Starting October 1, we will run a “win back” campaign for the 2023 membership year, again targeting lapsed members. We’ll provide an update of what’s happening in our organization with the bonus offer of a 15-month membership. We are calling the campaign “Get Back to What You Love,” based upon the reconnections and revitalization I see at the chapters and at the National Conference.
Let’s continue getting back to what we love: family and friends, gatherings, health, and the joy of wine exploration with the AWS community.
Regional vice presidents were active during the past few months; here’s a recap of what several had on their plates.
Renewal of Eastern Pennsylvania Regional Picnic
(Compiled by Donna Lombardo Fisher)
Sixty-four AWS members from 9 chapters in Pennsylvania and New Jersey came together on July 9 to celebrate the revival of the Eastern Pennsylvania Regional Picnic. A decades-old tradition that was on hiatus in recent years, the event was held in Buckingham, Pennsylvania, at the home of long-time hosts Terry and Patricia Green.
Organized under a “neighborhood gathering” theme by two Regional Vice Presidents, Jennifer Perry (Southeastern PA) and Bob Hale (Northeastern PA), the day offered many opportunities to mingle with fellow wine enthusiasts.
Under shade canopies on the Green’s spacious north pasture, members across chapters, regions and states reunited, made new wine friends and shared ideas for chapter tastings and activities. Regional Vice President Danny Klein brought along a lively contingent from New Jersey, while Executive Director David Falcheck and Member Service Manager Colleen Reardon traveled from the AWS National Office to join in the festivities.
The morning started with a fresh take on the Regional Amateur Wine Competition. Everyone sampled and scored 18 homemade wines donated by our local talented winemakers. “Best of Show” was awarded to Jeffrey Fisher for his “Dark Shadows” red blend.
Following a catered buffet lunch, guest speaker Frank Paredes, President of NOW Wine Imports from New York City, presented a fun and educational session on Portuguese wines. Members explored the history, regions and diverse wine styles of Portugal while tasting 6 unique wines made from native varieties.
Then, everyone enjoyed dessert during a fundraising event organized by host Patricia Green, the newest trustee for the American Wine Society Educational Foundation (AWSEF). AWS members and supporters, including Reustle Vineyards and Frank Paredes, donated wines and accessories for a silent auction. Along with a 50/50 raffle, the event raised $1,245, almost one-third of the amount needed to fund a scholarship.
At the end of the day, members left with a renewed feeling of community and plans for more multi-chapter events in the future. As David Falcheck observed, the spirit of AWS will always live in Eastern Pennsylvania!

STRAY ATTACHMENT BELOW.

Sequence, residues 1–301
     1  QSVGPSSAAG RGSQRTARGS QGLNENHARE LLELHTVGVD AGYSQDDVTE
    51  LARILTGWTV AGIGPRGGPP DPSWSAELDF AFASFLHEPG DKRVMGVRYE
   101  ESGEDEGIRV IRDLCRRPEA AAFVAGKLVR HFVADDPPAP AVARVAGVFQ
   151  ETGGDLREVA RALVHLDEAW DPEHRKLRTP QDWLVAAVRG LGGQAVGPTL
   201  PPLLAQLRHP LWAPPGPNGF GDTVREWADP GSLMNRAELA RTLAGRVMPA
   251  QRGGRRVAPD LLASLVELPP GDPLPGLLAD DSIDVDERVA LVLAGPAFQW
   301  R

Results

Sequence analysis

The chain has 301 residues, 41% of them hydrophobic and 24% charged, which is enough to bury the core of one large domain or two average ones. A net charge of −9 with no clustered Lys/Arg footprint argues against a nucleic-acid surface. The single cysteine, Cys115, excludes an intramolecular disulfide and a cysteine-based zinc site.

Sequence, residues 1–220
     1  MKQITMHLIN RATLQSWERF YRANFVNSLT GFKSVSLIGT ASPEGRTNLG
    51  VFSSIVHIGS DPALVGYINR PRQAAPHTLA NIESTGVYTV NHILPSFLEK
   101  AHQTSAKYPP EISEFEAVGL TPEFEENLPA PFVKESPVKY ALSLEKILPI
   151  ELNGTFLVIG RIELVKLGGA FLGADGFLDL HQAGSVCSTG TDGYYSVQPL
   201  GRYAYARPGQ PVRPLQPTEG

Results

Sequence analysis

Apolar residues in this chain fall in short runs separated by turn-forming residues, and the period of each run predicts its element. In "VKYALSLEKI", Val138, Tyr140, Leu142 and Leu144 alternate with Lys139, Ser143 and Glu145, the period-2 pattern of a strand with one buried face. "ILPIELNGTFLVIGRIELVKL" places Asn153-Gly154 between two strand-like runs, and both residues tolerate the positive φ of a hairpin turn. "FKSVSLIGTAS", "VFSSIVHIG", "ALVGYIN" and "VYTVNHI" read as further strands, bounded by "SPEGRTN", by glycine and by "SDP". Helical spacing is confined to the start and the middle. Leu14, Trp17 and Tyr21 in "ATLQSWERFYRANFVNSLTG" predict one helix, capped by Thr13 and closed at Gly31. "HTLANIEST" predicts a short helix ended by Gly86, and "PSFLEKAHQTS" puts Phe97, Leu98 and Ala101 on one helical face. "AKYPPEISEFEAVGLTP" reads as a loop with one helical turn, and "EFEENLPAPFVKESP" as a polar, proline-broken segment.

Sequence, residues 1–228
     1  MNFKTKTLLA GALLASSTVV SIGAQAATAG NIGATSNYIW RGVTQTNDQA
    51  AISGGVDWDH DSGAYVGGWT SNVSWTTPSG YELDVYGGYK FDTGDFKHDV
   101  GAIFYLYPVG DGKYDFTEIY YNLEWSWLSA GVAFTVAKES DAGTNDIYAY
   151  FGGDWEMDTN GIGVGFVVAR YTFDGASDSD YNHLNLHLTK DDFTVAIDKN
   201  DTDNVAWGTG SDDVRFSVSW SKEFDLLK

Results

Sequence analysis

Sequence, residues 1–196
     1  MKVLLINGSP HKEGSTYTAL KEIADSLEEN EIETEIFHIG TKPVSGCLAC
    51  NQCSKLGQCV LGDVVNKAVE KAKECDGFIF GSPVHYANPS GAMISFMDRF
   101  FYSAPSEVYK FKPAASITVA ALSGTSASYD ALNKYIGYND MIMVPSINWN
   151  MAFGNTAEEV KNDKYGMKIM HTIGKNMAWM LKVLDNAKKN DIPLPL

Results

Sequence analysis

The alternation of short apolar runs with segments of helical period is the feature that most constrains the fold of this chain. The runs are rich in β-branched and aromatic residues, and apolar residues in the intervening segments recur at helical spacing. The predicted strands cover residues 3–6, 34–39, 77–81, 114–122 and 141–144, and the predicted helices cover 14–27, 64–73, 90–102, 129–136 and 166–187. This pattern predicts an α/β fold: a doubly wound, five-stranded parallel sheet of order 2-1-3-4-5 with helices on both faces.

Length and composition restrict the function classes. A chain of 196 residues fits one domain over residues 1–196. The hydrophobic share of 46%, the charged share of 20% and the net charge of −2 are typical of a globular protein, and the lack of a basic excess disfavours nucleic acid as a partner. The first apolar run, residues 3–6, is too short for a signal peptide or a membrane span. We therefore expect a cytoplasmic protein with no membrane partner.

Western Pennsylvania Region welcomes the new City of Pittsburgh Chapter
Regional Vice President Kevin Ostrowski welcomed and recognized the new AWS City of Pittsburgh Chapter to the Western Pennsylvania Region with a charter presentation on June 5.
New Chapter Chair Ricardo Llovet received the charter, along with a welcome gift and a celebratory sparkling bottle of Blanc de Blanc from Dr. Konstantin Frank Winery, which was established by the founder of AWS.
In spite of beginning its formation in July 2021, amid all the challenges that Covid-19 presented, the new chapter successfully met regularly — including visits to local wineries throughout the past months.
The charter was presented during a chapter meeting, in a lovely outdoor setting, that featured members of the Louw family and included some family history and a tasting of excellent wines from the family’s relatives’ winery in South Africa, Diemersdal Wine Estate, which included an unoaked Chardonnay, a Sauvignon Blanc, and red Bordeaux blend.
Congratulations and welcome to Ricardo and all the members of our new City of Pittsburgh Chapter!
Fifty Shades of Grape (NJ) Chapter held their tasting at the Mills residence. Greg calls dinner at his place the GEM restaurant (stands for Greg, Erica Mills), was an amazing 7-course affair!
The theme was Old World (France) vs. New World (California). Greg selected wines from his cellar, the same vintages to compare and score (top 3 ranked in parentheses).
|Old world||New world|
|Billecart-Salmon Reserve NV (2)||2018 Schramsberg Blanc de Blanc|
|2019 Joseph Drouhin Meursault||2019 Chateau Montelena Chardonnay|
|2019 Domaine Chevrot Bourgogne||2019 Lyric Pinot Noir|
|1998 Cos d’Estournel – (had some Brett apparent)||1998 Opus One (3)|
|2013 Chateau d’Yquem – 16.7 (had some VA apparent)||2013 Dolce (1)|
In May, the members of the Hammonton (NJ) Chapter gathered at the home of Linda Orthner, who hosted along with Jaki Giberson for a Grape Wines of Japan tasting. Linda and Jaki were inspired to host the tasting after attending a session at the 2021 AWS Conference in Atlantic City. To accompany the wines, Linda and Jaki prepared some delicious Japanese street food for us. In addition to tasting the wines members tasted a sparkling sake, sake nigori and two sake-based cocktails. The top 3 wines were: